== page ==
How Can My Child's Retroactive
SSI Benefits Be Used?
Retroactive SSI Benefits?
It sometimes takes months or even
years for Social Security to approve a child for SSI (Supplemental Security
Income) disability benefits. When the SSI application is approved, the SSI
payments can go back to the month after the month you applied. These months of
back payments are called retroactive benefits.
For example, if you applied for your
child’s SSI in January 2003 and Social Security approved the application a
year later, the retroactive benefits would go back to February, 2003.
There are strict
rules about using retroactive SSI children’s benefits and
they are different from the rules for using regular monthly
Should I Put My Child’s Retroactive SSI Benefits?
awards of SSI benefits to children must be put in a special
separate bank account called a dedicated account. Only
the child’s retroactive SSI benefits may be put into this
account. It must be a savings, checking or money market
account. The money in the dedicated account does not
count toward the SSI asset limit.
here to see Social Security's rules about setting up a
Can the Money in the Dedicated Account Be Used For?
The money must be
used for things or services that benefit the child and are
related to the child’s disability. Here are a few examples:
- Special equipment, services,
treatment or therapies that the child needs because of her
medical condition. This includes appliances related to the
child’s disability such as an air conditioner for a
child with asthma.
- Home repairs (such as
building a ramp) to make the home accessible to the child
or to fix problems that are bad for the child’s health.
- Respite care for parents, a
reasonably priced car if needed to take a child to medical
treatment, and moving expenses when the need for the move
is because of the child’s medical condition.
- Repairing or replacing
furniture the child destroys because of his disability.
dedicated account money can be used for housing and food to
prevent the child from becoming homeless or malnourished.
This is not the whole list.
Any expense that is related to the child’s disability and
which benefits the child may be appropriate. Click
here to see Social Security's rules about using money in
Do I Need to Get
Social Security’s Permission Before I Spend Money from the
No, but if you are not
sure that what you plan to buy is OK under Social Security’s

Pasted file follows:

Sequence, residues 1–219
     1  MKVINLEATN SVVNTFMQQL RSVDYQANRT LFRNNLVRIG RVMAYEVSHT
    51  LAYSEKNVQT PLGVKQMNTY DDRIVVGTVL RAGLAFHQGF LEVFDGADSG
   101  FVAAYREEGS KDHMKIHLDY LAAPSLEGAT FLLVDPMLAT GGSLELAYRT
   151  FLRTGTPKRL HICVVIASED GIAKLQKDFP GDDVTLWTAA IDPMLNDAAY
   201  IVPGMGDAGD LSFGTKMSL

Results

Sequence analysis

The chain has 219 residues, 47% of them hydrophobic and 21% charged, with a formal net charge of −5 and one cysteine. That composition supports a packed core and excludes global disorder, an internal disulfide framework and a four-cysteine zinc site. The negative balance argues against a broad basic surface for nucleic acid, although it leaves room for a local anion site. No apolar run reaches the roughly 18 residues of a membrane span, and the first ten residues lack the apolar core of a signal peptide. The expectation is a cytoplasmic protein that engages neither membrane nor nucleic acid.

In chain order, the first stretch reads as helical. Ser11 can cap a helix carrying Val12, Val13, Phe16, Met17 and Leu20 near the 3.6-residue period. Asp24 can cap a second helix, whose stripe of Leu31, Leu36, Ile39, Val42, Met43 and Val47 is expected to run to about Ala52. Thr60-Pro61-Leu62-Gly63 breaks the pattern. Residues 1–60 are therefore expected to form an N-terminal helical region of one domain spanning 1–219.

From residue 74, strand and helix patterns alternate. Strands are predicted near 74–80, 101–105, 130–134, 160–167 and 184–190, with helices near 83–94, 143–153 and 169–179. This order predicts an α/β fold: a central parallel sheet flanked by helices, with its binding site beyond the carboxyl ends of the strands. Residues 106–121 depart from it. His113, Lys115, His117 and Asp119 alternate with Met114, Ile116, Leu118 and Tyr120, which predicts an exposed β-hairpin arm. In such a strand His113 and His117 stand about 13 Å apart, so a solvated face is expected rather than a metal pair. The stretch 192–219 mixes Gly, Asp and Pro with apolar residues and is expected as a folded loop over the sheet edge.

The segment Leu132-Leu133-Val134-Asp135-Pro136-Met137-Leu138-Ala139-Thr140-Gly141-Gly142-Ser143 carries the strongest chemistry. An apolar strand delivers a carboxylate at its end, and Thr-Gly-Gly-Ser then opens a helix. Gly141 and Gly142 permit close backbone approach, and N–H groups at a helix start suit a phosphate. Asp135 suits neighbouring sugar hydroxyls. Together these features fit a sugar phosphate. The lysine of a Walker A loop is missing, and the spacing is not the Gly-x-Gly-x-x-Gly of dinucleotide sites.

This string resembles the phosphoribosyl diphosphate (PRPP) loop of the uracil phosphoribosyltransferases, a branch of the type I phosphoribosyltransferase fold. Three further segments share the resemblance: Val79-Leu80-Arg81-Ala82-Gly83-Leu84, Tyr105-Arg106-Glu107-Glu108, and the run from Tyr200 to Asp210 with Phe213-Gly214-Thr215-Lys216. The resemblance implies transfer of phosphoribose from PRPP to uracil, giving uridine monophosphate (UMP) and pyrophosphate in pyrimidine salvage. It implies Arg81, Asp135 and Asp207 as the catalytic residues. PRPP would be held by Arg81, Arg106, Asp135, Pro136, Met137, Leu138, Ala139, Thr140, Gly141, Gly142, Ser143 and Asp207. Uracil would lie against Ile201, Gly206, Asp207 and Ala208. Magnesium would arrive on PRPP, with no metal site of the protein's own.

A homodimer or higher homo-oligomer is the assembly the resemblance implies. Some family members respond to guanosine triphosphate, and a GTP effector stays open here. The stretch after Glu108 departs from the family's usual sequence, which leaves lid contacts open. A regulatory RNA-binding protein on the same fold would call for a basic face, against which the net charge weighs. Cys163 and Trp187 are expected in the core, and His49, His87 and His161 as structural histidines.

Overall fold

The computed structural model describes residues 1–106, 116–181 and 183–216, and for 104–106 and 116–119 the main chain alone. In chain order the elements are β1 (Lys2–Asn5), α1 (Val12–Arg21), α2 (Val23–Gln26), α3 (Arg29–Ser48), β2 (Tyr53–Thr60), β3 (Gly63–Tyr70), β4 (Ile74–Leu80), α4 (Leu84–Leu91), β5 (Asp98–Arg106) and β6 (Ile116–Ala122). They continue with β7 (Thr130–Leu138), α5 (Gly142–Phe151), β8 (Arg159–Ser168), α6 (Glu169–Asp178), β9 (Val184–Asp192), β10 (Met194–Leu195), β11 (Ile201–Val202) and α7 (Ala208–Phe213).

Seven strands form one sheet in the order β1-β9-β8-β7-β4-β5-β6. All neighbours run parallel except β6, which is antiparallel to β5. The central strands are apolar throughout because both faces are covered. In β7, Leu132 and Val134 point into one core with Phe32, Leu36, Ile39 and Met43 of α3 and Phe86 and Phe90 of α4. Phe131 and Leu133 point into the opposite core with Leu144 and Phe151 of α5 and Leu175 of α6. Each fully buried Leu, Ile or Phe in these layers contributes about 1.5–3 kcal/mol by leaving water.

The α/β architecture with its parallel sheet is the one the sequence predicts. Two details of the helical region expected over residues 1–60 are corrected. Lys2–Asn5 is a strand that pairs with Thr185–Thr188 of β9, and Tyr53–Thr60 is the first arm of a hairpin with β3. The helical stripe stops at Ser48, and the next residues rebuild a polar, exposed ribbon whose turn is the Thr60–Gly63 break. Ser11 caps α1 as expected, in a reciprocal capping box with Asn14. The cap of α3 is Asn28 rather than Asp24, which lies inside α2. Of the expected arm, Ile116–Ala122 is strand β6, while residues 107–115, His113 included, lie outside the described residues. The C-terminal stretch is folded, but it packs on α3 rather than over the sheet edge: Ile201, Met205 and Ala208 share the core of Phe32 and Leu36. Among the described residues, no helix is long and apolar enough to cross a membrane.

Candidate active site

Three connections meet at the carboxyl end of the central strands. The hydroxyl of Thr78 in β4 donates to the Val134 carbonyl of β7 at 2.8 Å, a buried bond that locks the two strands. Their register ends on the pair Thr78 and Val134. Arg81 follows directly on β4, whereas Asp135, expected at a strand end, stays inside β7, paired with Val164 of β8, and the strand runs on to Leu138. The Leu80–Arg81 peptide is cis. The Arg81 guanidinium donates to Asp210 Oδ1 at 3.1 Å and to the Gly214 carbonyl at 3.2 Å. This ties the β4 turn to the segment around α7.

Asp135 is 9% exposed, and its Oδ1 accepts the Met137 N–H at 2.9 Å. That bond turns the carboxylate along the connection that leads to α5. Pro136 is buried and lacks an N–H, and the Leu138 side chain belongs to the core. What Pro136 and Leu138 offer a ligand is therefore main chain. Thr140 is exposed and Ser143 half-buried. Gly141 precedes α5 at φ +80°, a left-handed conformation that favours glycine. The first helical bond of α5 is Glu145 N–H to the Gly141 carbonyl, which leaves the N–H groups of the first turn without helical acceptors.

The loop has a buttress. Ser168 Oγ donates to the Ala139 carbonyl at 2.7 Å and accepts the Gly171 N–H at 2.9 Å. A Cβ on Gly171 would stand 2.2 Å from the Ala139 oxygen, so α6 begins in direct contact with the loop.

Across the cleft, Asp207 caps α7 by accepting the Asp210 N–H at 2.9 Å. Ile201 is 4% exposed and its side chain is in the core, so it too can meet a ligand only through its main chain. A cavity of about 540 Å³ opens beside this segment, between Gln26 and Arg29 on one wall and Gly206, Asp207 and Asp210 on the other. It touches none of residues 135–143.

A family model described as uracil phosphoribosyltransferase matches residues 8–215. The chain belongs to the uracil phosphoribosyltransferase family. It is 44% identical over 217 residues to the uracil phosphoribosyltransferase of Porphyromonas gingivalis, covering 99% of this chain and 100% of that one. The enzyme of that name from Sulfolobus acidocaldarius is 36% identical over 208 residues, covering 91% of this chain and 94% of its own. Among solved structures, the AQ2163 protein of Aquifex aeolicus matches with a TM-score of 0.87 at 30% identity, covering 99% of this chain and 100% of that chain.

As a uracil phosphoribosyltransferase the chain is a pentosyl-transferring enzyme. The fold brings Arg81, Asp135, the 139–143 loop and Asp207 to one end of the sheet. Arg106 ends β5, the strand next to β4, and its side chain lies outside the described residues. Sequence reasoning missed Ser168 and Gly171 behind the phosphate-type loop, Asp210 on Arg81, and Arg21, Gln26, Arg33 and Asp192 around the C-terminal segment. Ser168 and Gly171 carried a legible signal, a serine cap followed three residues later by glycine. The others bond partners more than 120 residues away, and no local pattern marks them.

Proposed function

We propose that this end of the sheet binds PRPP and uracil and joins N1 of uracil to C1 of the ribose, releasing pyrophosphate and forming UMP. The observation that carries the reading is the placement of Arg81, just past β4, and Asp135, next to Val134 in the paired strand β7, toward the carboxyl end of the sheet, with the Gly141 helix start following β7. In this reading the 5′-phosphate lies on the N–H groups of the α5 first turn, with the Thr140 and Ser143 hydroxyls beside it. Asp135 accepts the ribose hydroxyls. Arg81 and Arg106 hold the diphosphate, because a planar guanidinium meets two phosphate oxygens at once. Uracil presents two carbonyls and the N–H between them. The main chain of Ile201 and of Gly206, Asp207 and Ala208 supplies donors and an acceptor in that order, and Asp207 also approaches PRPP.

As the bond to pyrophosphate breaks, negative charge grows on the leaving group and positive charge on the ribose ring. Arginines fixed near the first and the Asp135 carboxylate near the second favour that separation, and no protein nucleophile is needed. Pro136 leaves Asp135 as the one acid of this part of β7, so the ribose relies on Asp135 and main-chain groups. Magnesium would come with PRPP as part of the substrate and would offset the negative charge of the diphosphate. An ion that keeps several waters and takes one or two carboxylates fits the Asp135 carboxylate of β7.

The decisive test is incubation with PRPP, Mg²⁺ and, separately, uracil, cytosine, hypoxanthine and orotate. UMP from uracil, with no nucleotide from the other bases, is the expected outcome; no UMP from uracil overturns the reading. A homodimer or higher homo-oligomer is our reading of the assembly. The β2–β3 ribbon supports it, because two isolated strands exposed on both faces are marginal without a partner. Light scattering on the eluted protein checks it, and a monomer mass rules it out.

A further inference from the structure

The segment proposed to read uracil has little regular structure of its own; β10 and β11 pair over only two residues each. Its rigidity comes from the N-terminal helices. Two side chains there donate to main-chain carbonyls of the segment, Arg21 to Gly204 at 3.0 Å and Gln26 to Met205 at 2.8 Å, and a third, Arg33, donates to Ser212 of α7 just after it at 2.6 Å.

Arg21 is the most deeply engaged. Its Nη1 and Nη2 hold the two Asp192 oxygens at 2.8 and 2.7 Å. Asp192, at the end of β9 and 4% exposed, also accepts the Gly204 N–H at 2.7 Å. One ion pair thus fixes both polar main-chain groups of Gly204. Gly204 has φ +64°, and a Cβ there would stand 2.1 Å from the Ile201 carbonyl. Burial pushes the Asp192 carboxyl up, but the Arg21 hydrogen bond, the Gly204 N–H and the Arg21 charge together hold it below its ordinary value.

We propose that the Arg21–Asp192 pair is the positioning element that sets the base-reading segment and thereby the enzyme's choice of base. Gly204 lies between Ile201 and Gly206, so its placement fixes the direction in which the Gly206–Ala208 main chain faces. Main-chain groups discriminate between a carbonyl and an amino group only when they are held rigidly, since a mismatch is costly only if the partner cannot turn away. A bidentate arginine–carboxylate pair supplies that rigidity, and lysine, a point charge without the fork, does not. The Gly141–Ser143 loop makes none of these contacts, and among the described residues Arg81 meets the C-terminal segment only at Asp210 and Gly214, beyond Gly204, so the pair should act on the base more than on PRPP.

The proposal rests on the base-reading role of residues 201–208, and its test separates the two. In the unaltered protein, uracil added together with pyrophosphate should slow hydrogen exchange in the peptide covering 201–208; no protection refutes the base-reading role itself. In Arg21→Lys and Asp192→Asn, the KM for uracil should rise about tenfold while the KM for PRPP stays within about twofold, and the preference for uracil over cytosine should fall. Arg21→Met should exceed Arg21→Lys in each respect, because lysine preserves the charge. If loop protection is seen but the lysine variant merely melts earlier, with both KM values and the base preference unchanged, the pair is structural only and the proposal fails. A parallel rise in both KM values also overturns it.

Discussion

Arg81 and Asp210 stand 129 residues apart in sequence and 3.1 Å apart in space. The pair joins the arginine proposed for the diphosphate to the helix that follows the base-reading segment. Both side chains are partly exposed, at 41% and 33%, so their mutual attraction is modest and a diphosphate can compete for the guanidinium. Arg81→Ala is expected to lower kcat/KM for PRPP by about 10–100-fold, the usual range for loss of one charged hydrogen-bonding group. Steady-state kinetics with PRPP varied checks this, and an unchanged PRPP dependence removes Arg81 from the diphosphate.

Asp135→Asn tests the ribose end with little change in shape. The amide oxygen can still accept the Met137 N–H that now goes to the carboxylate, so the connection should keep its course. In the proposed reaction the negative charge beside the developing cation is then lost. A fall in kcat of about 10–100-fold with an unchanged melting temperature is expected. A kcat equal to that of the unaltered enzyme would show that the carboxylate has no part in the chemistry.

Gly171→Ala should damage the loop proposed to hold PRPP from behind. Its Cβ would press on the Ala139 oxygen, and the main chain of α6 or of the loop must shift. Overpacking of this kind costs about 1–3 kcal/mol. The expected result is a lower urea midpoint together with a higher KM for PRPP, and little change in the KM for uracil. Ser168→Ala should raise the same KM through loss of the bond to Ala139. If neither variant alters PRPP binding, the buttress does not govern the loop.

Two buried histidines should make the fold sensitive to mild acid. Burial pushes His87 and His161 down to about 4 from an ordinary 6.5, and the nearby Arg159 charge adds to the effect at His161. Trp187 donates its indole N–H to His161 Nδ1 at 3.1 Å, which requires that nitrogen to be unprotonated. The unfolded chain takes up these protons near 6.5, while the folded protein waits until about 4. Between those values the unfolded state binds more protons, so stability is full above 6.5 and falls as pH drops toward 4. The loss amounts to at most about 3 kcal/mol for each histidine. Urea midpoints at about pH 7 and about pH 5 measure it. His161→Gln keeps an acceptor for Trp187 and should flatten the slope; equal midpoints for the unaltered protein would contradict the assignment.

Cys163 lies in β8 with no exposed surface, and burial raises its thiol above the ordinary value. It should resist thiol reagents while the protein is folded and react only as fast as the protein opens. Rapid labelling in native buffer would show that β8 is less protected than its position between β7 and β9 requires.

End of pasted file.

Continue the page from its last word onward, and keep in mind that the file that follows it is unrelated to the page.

rules, it is a good idea to ask Social Security to approve it
ahead of time. To get Social Security’s approval, you will
need to show how the purchase you want to make is related to
the child’s disability. It often helps to have a letter from
the child’s doctor or therapist explaining why the child
needs the item or service. Social Security must tell you in
writing whether or not they approve the purchase. If Social
Security does not approve, you can appeal their decision.
Security Check On How I’ve Spent the Dedicated Account Money?
Yes. Every year Social Security
will ask you to fill out a form about how you have spent the
dedicated account money. You will also have to report on how
you have spent the child’s regular monthly SSI benefits.
Social Security will want proof, so it is very important for
you to keep bank statements, receipts, and written records of
what you spent the money on. You should also be able to
explain how each expense is related to your child’s
What if I Don’t
Use the Dedicated Account Money According to Social Security’s
If you, as the child’s payee,
knowingly spend the dedicated account money on things
that are not related to the child’s disability, you might
have to repay the money to Social Security. Social Security
calls this misapplying the money. If Social Security claims
that you misapplied the dedicated account money, you have the
right to fight that decision by filing an appeal.
How Can I Use My
Child’s Regular Monthly SSI Benefits?
The child’s regular monthly
SSI benefits can be used for more kinds of items and
services than the retroactive benefits in the dedicated
account. You do not have to spend the child’s monthly SSI
benefits only on things related to her disability. The main
rule is that you must spend the child’s monthly SSI benefits
in the best interest of the child. This could include
disability-related needs, but also includes ordinary living
expenses like the child’s part of the family’s food
and housing cost, as well as clothing, school supplies, and
other items needed by the child. As with dedicated accounts,
Social Security will review your use of the child’s monthly
SSI benefits, so it is important to keep records.
information, call or email
the Disability Law Center.
or (800)872-9992. TTY (617)227-9464 or (800)381-0577, email@example.com
You can also get more
information on Social
Security’s website and the Massachusetts
Legal Services website.